This was so SO good. I can feel your joy in the words and maybe even some sand in my hair as I imagine your family sprawled across the beach. When our family has moments like this, I’ll stop and say, “Hey everyone. THIS is what life is all about. Please remember this.”
    When I first saw your selfie on FB, I knew that there had a to be a wonderful story behind it. It was even more beautiful than I had imagined. Thank you for starting my Sunday morning with a warm smile and happy tears. xoxoxo

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  4. Love this, Karen. I don’t do it often enough, but love the freedom of leaving the phone at home, plus all those extras we think we’ll need. I struggle with the discomfort of not capturing it, as you describe. And those memories burn bright, brighter possibly because I saw them unfiltered, or less filtered anyway. Loved the writing in this as usual, and the selfie too.

    Liked by 1 person

    • Thank you! I don’t do it often enough either. There will always be a part of me that doesn’t trust I’ll remember without “proof” but just the knowledge that there won’t a photograph to rely on makes my other senses kick in stronger.

      Liked by 1 person

      • There is a very interesting memoir written by Sally Mann called “Hold Still.” She’s long been considered a controversial photographer, but it’s her writing that drew me in. She speaks of the camera actually robbing the memory because it captures a moment in time. That moment in time forces you to recall that moment and forget the others the surround it. It was as fascinating concept coming from a woman who has made a living capturing memories.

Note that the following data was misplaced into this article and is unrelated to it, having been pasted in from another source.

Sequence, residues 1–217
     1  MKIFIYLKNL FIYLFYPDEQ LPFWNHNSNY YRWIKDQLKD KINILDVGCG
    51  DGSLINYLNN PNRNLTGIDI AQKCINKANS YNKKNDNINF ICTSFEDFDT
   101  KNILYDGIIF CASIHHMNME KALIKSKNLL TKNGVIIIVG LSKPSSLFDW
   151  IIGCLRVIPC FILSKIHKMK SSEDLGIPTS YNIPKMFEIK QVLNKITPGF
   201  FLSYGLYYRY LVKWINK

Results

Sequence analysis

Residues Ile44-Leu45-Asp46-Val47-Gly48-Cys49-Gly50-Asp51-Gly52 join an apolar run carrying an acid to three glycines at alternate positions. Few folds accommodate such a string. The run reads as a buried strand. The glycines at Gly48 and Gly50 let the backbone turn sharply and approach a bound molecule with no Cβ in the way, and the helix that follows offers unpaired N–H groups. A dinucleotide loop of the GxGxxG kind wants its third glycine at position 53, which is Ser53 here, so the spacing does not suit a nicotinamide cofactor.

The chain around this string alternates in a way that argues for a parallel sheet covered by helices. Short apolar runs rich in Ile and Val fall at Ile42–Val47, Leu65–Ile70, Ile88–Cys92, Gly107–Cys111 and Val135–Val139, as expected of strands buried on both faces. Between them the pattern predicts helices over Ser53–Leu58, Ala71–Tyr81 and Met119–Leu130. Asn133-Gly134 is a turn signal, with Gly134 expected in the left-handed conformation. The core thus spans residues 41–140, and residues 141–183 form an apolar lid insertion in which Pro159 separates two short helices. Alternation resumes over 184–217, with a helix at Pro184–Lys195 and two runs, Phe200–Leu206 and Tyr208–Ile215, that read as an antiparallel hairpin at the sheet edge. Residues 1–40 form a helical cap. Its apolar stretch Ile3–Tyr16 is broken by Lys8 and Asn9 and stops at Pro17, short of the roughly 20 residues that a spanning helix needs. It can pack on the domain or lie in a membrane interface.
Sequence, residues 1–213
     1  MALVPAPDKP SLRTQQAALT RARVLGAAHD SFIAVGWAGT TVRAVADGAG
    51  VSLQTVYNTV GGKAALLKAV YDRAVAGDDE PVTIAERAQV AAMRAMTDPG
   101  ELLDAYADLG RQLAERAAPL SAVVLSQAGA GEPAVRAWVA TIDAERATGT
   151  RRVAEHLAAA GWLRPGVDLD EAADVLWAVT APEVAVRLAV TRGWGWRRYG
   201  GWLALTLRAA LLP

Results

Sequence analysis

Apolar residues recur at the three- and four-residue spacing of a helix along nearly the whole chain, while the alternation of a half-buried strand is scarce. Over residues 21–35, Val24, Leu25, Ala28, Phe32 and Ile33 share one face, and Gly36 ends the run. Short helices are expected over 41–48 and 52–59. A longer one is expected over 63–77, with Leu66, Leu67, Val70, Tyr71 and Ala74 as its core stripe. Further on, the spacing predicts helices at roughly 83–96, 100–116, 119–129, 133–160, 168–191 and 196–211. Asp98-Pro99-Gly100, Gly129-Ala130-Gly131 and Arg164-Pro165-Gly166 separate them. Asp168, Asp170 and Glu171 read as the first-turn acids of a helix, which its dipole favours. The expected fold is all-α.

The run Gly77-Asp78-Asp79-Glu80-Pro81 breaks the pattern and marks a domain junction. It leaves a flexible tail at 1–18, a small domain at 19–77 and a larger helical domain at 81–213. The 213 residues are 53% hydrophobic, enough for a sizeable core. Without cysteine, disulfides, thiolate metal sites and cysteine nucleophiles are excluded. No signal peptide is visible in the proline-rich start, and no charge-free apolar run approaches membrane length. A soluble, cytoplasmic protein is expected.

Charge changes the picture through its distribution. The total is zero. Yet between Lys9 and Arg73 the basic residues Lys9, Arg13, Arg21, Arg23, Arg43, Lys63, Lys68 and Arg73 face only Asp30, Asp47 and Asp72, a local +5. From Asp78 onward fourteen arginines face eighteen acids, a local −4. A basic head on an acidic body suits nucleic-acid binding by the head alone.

I have a really hard time going anywhere without my camera, but I’m working on it!

        *ooops! Michelle interrupted again.

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        • I love that concept and it rings true! For me, trying hard to capture an event through pictures sometimes keeps me from actually experiencing the event. But a big part of me wishes I had my camera to take a picture of my son laying on top of my husband or my daughter buried in the sand – just those two shots – then I’d put my camera away. Or maybe not. Probably not. 😉

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  5. Yes, yes, yes, and yes. Love this so much.
    I have been working so hard, especially this year, to live life in full-dimension and not on or in or through a screen.
    Ever see the movie Elizabethtown? Kirsten Dunst is in it and she did this little thing of making a camera with her hands and acting like she was clicking the photo button with her finger. It was frankly annoying in the movie, but I’ll find myself doing it now, when I want to take a photo in my mind and consciously remember it–like telling myself, “I WILL remember this moment always.” Does that make sense?
    So great to see you post, stop by RoS when you get a few… I don’t want you to miss my post “Amy.” xoxo

    Liked by 1 person

    • I have not seen that movie but that’s a great way to “capture” a moment you don’t want to forget! I haven’t been on social media as much lately either. It can be such a time suck when I have a real life to live. It’s entertaining but leaves me feeling empty if I spend too much time on it.